Look at the concrete, man.
Empty heads are feeling proud... feeling proud
Everyday the narrow minds, they see what they wanna see.
Everyday the narrow minds, they feel what they wanna feel.
What they feel...
The effect is quite cinematic, the way her vocals drift across the tune in perfect mind-melding step with the beats, and rather unexpected in the realm of contemporary ardkore (which often had a punky, knocked off cut-and-paste aesthetic... just see Genaside's earlier records). You can already hear their knack for shrouding their vocalists in icy splendor against a pitched backdrop of asphalt gloom. Paired with the surrounding drama, Williams' vocals have a mournful splendor of a piece with Billie Ray Martin's contemporary recordings. It's all so perfect, so improbable, that one can only lean back and soak it all in.
As if that weren't already enough, it all drops out to leave the pulsing sub-bass at 2/3 of the way through the track, a melody played on hi-hats as the voice of Killerman Archer declares Hey... hey lord a hey! in the darkness before exploding into a non-stop flow of rapid-fire machine gun ragga chat. I'm not even going to attempt to transcribe the lyrics, since you really need to hear it in the context of the track, works locked into the groove and spiraling off into fractals, bouncing off the walls. The effect is one of pure exhilaration, seemingly taking the track into fast-forward overdrive over nothing but rolling breakbeats. Then, in a flash, he's finished: the acid burn returns to play out the track... that dream is over.
The flipside's Sirens Of Acre Lane actually originated on a white label from the previous year, but its already light years ahead of everything that preceded it, clearly setting the stage for Narra Mine's stunning depth of atmosphere and cinematic sheen. Computer noises echo in the darkness as a dread bassline (surely one of the greatest in all of ardkore) fades into view, police sirens wailing in the distance as a lone voice intones:
Quarks, gluons, red giants, white dwarfs, big bangs...
There are 8 billion tales in the naked universe... this is just one of them.
Air raid sirens blare in great burning arcs before a tumbling breakbeat (which I could swear is from Can's Mushroom) kicks into gear, knocking the track into a shadowy exploration of the realm of paranoia sonix. The only respite from the phenomenal slow-build of blank-eyed tension comes with what sounds like slowed down chat from Killerman Archer and a sample swiped from Pablo Gad's Hard Times: when I was a youth I used to [smoke the collie weed] (later sampled by The Prodigy's Fire).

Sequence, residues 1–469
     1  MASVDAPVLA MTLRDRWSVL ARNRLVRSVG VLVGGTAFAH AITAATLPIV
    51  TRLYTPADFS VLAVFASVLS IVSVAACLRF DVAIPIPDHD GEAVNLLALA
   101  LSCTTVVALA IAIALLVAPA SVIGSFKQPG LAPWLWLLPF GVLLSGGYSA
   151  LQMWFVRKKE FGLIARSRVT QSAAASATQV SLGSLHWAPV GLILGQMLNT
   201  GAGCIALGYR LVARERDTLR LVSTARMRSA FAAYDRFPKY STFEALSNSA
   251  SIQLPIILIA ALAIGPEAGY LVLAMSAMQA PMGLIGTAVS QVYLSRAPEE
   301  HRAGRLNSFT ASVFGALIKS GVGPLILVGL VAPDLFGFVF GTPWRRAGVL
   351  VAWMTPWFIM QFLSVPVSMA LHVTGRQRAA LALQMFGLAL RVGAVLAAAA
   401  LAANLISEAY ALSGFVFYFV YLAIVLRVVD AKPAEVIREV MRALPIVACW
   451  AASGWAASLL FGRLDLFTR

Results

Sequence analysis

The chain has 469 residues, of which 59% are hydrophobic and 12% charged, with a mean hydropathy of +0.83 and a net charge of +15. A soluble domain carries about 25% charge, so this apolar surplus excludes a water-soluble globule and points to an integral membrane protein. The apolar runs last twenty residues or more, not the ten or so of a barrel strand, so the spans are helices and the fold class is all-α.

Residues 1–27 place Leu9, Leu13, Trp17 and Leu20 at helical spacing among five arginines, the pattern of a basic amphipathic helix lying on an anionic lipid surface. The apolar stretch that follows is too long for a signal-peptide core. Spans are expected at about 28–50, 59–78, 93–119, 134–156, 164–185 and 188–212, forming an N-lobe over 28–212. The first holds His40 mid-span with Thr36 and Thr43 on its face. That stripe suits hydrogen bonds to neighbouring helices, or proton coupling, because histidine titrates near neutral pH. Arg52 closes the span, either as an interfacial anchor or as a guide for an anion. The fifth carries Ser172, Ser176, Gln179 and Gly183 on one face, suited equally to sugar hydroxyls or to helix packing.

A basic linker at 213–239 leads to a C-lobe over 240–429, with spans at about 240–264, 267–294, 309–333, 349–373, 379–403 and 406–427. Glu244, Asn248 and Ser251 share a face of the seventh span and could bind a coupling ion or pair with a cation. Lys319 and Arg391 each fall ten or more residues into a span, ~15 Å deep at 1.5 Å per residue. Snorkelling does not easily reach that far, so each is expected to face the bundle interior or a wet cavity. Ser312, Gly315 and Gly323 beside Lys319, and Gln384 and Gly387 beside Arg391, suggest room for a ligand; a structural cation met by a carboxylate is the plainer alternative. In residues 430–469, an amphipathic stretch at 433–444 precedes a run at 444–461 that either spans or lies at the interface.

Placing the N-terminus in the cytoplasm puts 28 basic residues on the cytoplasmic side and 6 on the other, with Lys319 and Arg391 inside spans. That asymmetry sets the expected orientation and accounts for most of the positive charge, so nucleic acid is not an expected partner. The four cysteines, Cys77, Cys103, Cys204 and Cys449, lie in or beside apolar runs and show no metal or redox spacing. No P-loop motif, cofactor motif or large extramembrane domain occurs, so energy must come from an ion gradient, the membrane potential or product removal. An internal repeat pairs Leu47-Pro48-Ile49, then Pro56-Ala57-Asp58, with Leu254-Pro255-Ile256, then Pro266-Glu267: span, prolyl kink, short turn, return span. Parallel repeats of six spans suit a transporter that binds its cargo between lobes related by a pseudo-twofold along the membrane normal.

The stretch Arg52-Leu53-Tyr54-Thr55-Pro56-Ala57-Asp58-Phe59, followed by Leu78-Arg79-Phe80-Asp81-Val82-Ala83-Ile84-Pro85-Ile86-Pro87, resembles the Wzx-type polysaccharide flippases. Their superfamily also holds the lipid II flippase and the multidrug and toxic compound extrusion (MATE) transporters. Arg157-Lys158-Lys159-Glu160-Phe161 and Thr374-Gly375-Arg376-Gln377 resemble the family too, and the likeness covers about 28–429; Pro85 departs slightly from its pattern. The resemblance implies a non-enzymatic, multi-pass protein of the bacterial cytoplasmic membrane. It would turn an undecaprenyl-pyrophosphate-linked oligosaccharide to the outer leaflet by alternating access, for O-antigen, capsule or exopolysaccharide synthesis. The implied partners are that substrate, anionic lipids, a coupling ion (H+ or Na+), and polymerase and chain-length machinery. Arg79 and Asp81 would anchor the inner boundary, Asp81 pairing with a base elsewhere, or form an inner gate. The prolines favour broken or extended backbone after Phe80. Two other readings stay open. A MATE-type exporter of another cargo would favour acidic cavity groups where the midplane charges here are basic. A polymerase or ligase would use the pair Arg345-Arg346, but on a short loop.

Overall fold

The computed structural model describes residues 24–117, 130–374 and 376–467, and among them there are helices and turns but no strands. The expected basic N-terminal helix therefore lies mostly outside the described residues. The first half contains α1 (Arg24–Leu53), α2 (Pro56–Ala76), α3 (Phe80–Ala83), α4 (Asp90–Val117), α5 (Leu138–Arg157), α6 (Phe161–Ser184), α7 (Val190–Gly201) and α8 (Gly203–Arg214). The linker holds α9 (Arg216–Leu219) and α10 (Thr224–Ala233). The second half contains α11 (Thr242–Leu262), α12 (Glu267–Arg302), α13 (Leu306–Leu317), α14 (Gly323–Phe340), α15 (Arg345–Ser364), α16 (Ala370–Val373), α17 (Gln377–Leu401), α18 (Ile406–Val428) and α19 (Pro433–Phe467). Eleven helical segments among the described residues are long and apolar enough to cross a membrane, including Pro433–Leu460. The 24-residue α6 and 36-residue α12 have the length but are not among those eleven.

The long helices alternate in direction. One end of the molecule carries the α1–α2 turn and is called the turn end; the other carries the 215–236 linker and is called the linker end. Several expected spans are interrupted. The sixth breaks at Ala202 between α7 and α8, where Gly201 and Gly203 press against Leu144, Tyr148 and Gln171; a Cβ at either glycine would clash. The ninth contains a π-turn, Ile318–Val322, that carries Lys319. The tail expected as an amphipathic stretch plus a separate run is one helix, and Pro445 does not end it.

Then suddenly, at the track's midpoint, the MC yells Warning, warning, warning, have some beatbox, before exploding into a human beatbox sample played to almost comical effect against the wailing police sirens. It's a dark comedy at this end of this very long ride, the track deconstructing itself down to the beats and back again, playing the record out into the cold deep black of the Brixton night.
Then, nothing was heard from Genaside II for five years. It's almost as if the record were so brilliant, so epochal in scope, that there was simply nothing left to say. In truth, the crew put out a lot of records on their label under other names like G Double E and Cheeba Wizard during the interim, but it wasn't until the re-release of Narra Mine in 1995 that they were heard from again. Housed in another striking sleeve by ArtJaz, it features a remix from Mathematics of the Wu-Tang Clan on the flipside. In retrospect, it makes perfect sense that they'd find kindred spirits in the New York crew, echoing as they did their own overcast street-level vision.
Genaside II would go on to record three full-length albums (in fact, this would become their primary working medium), even recording for Tricky's Durban Poison imprint. It's a testament to how ahead of their time they were in 1991 that all their subsequent music seems to spring from the same terrain as Narra Mine, sounding just as current in 1999 as they had at the dawn of the decade. Here was a group that dreamt up a vision with no real antecedent, a sound that seemed to predict large swathes of the decade's most exciting sounds. I mean, who was there pre-1990 that sounded remotely like this?
The dread vision of Genaside II drawn up in sweeping cinematic splendor, as overcast as trip hop and as kinetic as jungle, was quite simply without parallel. It's as central a record as I can think of that sums up what I'm about — musically speaking — and accordingly occupies a central place in the Parallax pantheon. Essayed in the same grimy shades as Blade, Liquid Swords and Down These Mean Streets, its as if WordSound operated at a pitched kinetic frenzy, as perfect a blueprint for future music as one could have asked for.